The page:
These developments lend new meaning to the word “materialism.” Christians can feel threatened by those who think that only the physical is real, but they shouldn’t be, since the physical covers a lot more reality than it used to. The hard sciences are becoming more metaphysical in their attempts to grasp the mysteries of matter, so why shouldn’t theology become more material in its understanding of the divine? Scientists no longer know how to define matter, but they still believe that there must be a unifying theory that explains matter in all of its various manifestations and movements. That is, there must be something like an essence of matter, even if that essence is an awful lot like what philosophers and theologians used to call “spirit.” It is possible, of course, that the natural sciences will never discover this essence without relying on revelations about the supernatural, since matter has its origin, being, and end in God. The relationship between science and religion, then, has never been more open than it is today.
What is taking place in philosophy and the sciences is also happening among everyday believers who are eager to discover a holistic spirituality that integrates all of physical reality into a theological worldview. People are hungry to make sense of their material lives, and theologians are responding with new ways of thinking about embodiment. This theological development is happening across denominations and traditions. For example, Catholics, after Vatican II, talk of not just the sacraments but a sacramental imagination that begins with the liturgy of the mass but, far from stopping there, takes in an expansive and material approach to God’s interactions with the world. Lutherans explore vocation as a way of embracing the embodied nature of our spiritual journey, and Presbyterian and other Reformed Christians continue to embrace the many ways in which grace extends to every area of human activity. Pentecostals have taught all Christians to be more open to the unpredictable and yet earthy and physical movements of the Holy Spirit. Evangelical Christians have brought the human body, with all of its emotional needs and concrete desires, right into the heart of worship. Megachurches appeal to every aspect of our personal, familial, and social lives, making room for every stage of life’s journey within the church. Progressive and conservative Christians disagree about a lot, but they agree that bodies matter, especially the bodies of those who are vulnerable, dependent, and weak. The physical form of life matters more to theology than it ever has. The Church is entering into a new era, it seems, where the resurrected body of Jesus is becoming the norm not just for our hopes and dreams about the afterlife but also for our appreciation for everyday matters and ordinary objects. The destiny of the physical world should be inscribed in how we treat the environment and how we value all bodies, especially the most vulnerable and marginal among us.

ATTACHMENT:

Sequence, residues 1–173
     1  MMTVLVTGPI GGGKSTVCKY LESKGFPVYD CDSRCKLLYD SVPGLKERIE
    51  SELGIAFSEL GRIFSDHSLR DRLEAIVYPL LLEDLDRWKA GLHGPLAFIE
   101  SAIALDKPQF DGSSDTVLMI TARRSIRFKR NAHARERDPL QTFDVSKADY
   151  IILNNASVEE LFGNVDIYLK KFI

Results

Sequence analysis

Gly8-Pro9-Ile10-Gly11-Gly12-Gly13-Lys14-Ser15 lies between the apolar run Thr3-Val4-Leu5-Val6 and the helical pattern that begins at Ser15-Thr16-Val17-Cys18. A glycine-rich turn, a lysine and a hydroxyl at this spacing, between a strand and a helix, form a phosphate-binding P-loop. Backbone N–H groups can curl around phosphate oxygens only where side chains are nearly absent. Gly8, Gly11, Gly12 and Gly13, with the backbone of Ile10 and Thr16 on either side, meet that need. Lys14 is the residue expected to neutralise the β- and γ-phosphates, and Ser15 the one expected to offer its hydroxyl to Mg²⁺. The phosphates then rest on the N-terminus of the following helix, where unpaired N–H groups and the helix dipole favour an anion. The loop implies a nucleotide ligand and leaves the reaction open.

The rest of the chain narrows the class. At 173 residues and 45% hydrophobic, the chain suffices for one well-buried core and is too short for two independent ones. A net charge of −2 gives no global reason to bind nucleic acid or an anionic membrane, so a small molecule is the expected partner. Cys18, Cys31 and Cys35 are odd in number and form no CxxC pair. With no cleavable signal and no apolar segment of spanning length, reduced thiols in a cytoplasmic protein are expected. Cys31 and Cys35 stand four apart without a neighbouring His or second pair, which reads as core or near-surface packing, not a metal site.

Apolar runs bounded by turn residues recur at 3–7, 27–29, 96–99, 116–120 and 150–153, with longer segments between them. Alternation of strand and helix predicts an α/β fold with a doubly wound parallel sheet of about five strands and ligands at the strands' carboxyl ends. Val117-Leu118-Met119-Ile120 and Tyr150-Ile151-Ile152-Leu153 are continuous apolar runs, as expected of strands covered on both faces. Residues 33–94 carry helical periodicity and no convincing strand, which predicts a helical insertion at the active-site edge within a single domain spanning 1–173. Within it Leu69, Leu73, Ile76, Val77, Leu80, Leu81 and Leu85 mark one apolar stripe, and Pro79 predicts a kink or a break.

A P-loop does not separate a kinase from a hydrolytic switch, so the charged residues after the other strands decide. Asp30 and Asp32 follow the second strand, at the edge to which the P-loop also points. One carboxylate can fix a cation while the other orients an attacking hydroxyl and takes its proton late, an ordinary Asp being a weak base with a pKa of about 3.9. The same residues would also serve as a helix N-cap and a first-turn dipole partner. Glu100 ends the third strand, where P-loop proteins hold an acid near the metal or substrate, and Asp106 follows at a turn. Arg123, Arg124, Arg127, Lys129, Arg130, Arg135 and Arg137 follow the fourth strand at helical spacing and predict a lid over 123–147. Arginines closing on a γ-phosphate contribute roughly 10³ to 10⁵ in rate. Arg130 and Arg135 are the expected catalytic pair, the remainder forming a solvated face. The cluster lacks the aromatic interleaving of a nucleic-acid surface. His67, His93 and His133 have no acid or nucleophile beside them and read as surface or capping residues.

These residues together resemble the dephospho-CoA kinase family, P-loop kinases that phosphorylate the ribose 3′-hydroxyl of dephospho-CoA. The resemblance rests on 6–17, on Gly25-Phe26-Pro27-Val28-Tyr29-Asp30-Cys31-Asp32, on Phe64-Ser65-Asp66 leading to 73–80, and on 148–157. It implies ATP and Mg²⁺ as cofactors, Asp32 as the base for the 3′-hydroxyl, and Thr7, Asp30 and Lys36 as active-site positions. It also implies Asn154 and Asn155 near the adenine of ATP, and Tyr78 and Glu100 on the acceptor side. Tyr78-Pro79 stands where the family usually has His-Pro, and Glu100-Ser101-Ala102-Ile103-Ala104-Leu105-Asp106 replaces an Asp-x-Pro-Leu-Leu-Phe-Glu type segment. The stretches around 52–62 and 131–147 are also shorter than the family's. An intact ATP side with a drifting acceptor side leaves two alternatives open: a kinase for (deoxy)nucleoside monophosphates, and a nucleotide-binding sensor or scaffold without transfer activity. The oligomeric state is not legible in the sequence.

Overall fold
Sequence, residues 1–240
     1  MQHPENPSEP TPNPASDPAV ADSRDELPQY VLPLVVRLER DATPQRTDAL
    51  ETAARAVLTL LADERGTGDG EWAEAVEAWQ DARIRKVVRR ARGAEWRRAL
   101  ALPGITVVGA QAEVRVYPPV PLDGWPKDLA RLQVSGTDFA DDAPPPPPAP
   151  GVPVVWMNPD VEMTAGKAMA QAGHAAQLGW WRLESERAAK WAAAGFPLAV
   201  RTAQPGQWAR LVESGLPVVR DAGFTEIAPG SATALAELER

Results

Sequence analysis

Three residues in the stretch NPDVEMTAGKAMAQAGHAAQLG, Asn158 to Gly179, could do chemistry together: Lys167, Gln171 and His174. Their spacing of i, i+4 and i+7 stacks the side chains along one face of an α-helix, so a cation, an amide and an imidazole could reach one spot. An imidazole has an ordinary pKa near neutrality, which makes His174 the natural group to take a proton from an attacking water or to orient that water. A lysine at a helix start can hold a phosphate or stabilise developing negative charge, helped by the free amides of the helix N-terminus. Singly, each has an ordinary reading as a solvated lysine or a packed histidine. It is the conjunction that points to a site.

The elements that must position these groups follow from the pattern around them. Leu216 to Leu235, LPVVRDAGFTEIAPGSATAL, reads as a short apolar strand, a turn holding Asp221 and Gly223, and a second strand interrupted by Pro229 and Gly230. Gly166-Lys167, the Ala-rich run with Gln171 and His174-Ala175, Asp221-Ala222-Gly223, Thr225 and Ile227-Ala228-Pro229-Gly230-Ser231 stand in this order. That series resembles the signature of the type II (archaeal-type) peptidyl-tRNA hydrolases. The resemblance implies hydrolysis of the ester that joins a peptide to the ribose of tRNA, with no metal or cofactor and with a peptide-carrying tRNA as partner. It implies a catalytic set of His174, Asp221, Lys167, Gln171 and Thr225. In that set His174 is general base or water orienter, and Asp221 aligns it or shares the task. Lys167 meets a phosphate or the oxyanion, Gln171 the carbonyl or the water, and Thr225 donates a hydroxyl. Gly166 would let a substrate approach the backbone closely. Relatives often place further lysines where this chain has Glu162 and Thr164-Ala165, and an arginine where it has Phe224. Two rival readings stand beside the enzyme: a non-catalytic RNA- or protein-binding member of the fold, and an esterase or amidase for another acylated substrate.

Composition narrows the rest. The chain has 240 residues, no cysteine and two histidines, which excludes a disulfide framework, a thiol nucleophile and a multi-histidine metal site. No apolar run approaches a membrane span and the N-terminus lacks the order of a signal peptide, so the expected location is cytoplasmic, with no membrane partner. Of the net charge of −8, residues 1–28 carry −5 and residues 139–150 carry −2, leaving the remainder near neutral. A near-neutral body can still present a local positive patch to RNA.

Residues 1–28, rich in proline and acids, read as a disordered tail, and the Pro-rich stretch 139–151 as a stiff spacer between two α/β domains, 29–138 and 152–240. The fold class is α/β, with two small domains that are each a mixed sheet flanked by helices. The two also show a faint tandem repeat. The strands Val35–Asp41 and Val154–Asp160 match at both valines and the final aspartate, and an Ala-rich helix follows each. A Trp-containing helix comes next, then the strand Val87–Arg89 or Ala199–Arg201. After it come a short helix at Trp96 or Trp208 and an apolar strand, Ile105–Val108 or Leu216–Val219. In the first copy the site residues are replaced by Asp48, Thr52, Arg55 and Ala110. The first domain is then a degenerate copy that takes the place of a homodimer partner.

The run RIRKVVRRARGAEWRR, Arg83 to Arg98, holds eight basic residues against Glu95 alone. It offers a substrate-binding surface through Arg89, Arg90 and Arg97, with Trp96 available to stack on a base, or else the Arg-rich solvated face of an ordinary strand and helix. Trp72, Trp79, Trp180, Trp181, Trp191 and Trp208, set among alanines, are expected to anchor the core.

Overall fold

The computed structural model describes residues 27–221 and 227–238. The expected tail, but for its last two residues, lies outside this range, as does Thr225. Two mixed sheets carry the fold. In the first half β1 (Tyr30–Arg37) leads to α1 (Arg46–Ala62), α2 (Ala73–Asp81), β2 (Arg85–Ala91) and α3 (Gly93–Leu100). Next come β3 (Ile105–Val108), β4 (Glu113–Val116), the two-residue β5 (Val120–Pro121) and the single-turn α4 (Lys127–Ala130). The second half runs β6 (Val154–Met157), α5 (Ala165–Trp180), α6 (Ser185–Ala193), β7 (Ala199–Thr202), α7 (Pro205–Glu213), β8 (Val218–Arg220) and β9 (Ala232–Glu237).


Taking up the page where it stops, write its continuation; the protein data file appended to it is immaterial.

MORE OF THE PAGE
. . . The subtle balance of power from the spiritual to the material has shifted so decidedly toward the latter that it is hard to imagine what needs to be moved to swing it back. When matter is mathematized, Christians are left appealing to the facts of revelation, whether those facts are located in the Bible or the Church, scripture or liturgy, and when the facts don’t seem clear enough, religion gets turned into an instrument of moral inspiration and social progress. Grace, in the old scheme, was a matter of the higher making room for the lower (and in Christianity, it was a matter of the highest making room for the lowest). But now space, whether its expansion is inﬁnite or cyclical, appears void of depth even amidst its multiplying dimensions, and thus our material world no longer gives us the coordinates for distinguishing a vertical ascent from a horizontal maze. Given the triumph of math, we are forced to imagine that the relation of grace must be all one way or the other, since adding to one side subtracts from the other.
We are surely not done with being Platonic, but we just as surely cannot go back to Plato’s enchanted cosmos, where, in the Timaeus, the stars were both gods and animals, a perfectly reasonable thought if one supposes that perfection, form, and life can be one and the same. We are stuck with matter as our principal metaphysical subject, and we need a new metaphysics to respond to new advances in science. Those advances do not add up to a coherent cosmology, at least not yet, but they do dig deeper into the muck of physical stuff than anyone ever thought possible. We look up less than our ancestors, due to light pollution but also the demystification of the heavens—dark matter haunts us, where the night skies once illuminated the darkness—but we can take our theological bearings from what scientists are finding beneath our feet.
 Stephen H. Webb, “God of the Depressed,” First Things (19 February 2016)
Posted from Richmond, Virginia